After the Easter crusade, West’s wife, Kim Kardashian-West, explained how the services were started as a means for her husband to heal himself and his close friends. She also went on to say he has had a vision of starting a church for a few years.

An unnamed source close to the couple told United States hip-hop publication The Source how Yeezy “… understands brokenness and the need for healing, probably more than most people. He believes in the healing powers of music, but also believes that God can step in and heal people’s brokenness and their issues”.

Pop culture enthusiasts who have followed Ye would know that the Easter Sunday Service is not the artist’s first attempt at using Christian references to promote his music.

In 2010, West launched G.O.O.D. Fridays where he released free music every Friday in anticipation of his fifth studio album, My Beautiful Dark Twisted Fantasy.

With West using the Coachella Sunday Service to debut a new track titled Water, perhaps the services are a prelude and appetiser for his delayed but still anticipated album Yandhi?

READ MORE: The greatest ever? The history and sounds of Kanye West

But last year’s series of events have to be taken into consideration. Throughout 2018, West’s convictions had the black community up in arms. He stood by US President Donald Trump, sported a “Make America Great Again” cap and then went as far as saying that he believed 400 years of slavery was “a choice”. Although West was not exiled for his stance, the engagement with the artist’s work has never been the same. Black cultural figures such as Ava DuVernay, will.i.am and Spike Lee even went so far as publicly denouncing West and unfollowing him.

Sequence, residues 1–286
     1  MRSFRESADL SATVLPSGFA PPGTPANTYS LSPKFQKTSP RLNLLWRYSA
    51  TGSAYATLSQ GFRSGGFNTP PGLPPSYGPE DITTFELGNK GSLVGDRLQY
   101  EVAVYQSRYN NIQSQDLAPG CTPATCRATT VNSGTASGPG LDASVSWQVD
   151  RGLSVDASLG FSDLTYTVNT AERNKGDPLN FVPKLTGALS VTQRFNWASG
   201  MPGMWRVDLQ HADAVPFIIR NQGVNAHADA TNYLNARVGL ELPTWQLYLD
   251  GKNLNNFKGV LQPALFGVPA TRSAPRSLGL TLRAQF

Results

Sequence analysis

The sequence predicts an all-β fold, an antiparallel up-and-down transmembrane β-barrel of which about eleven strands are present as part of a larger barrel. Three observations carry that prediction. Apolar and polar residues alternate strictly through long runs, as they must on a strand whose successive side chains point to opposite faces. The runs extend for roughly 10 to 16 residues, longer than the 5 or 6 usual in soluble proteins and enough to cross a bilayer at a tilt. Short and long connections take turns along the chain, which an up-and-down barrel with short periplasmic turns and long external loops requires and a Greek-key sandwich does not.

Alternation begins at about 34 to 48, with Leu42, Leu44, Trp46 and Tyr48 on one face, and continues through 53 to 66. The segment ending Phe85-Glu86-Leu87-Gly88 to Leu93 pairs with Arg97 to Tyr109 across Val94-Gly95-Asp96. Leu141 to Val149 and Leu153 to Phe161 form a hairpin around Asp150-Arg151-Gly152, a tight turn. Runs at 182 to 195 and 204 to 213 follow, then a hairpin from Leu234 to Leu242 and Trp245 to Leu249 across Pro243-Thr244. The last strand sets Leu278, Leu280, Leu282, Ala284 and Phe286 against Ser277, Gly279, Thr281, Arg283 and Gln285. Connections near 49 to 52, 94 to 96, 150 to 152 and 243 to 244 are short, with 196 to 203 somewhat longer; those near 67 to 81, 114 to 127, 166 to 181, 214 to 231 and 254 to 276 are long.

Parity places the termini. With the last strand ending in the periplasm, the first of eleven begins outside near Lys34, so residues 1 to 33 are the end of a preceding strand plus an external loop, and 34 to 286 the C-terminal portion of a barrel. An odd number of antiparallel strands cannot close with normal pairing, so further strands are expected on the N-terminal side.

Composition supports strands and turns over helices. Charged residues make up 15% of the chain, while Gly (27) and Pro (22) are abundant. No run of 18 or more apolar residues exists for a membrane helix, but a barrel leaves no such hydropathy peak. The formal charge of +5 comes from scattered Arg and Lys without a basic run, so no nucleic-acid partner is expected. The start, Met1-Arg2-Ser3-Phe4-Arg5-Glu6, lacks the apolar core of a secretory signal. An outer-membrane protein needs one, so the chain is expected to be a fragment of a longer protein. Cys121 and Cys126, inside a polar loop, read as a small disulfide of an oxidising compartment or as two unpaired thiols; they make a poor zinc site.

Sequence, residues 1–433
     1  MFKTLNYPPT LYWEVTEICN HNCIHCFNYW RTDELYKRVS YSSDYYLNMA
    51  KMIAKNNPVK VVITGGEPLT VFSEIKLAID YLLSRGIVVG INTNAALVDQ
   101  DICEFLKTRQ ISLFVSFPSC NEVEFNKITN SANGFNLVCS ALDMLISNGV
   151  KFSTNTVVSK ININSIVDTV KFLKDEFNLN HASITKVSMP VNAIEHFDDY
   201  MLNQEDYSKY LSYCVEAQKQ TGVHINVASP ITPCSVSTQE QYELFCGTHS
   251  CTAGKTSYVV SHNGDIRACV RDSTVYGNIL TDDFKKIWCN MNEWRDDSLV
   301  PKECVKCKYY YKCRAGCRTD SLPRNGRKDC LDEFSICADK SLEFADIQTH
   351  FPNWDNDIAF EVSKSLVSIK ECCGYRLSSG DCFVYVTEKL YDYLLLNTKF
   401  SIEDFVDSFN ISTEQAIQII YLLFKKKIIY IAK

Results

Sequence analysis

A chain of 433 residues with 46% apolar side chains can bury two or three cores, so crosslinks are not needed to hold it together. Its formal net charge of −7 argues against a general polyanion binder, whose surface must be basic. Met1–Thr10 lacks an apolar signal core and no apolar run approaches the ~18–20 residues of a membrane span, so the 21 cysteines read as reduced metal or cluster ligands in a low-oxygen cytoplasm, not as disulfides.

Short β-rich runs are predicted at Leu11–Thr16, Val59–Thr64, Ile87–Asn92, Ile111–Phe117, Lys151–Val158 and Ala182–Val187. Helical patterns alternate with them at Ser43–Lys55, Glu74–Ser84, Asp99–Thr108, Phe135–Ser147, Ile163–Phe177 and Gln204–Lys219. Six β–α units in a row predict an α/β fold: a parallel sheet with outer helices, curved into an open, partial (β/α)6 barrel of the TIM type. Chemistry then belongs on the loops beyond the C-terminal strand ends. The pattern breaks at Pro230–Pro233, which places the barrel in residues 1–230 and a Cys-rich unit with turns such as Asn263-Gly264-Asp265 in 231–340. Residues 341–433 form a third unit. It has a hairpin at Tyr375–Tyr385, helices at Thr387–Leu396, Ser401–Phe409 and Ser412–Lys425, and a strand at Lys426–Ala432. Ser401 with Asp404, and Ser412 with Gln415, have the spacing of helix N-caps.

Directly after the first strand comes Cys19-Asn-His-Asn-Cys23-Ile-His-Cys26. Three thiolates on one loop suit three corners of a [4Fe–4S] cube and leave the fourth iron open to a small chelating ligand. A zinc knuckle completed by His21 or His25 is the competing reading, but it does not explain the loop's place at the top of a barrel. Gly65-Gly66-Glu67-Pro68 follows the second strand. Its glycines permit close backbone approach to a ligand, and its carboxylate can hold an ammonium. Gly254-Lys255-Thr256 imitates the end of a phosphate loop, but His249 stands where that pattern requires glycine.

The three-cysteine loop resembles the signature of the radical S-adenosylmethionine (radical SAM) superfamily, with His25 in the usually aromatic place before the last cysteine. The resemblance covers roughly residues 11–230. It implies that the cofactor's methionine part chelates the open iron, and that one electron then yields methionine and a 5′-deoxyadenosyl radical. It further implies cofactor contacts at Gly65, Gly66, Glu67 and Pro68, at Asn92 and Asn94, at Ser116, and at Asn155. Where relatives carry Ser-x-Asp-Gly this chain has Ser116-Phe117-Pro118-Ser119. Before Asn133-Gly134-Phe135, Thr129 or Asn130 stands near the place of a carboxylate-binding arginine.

His 2019 approach is different. After January 1, since tweets that said: “One of my favorite of many things about what the Trump hat represents to me is that people can’t tell me what to do because I’m black” and “From now on I’m performing with my mutherfucking hat on”, West has kept a low Twitter profile. His public appearances and statements — the majority being related to Sunday Service — have been through his media mogul wife’s Twitter and Instagram accounts as well as her interviews.

With an uplifting and hope-serving gospel-themed take on his music — in an offering that is open to all those who can afford a ticket or merch — perhaps Sunday Service is without blemish. But knowing Yeezy and how his public gestures have historically served the artist, Sunday Service could be read as a sacrilegious promotion for Yandhi, or a stab at redeeming himself.

As Complex writer Eric Skelton put it, perhaps the social media lull, coupled with the services, are a “redemption tour” aimed at renewing his appeal in the African-American community using gospel music.

US pop culture journalist Tahirah Hairston even went so far as responding to the praise of Sunday Service by tweeting: “also, lol at Kanye using the ‘black church’ for his redemption but never apologizing to the black community for his action/words”.

Looking at this from a South African perspective, the temptation to be sceptical is so seductive, especially in an era of money making through the Christian faith by the likes of Prophet Bushiri.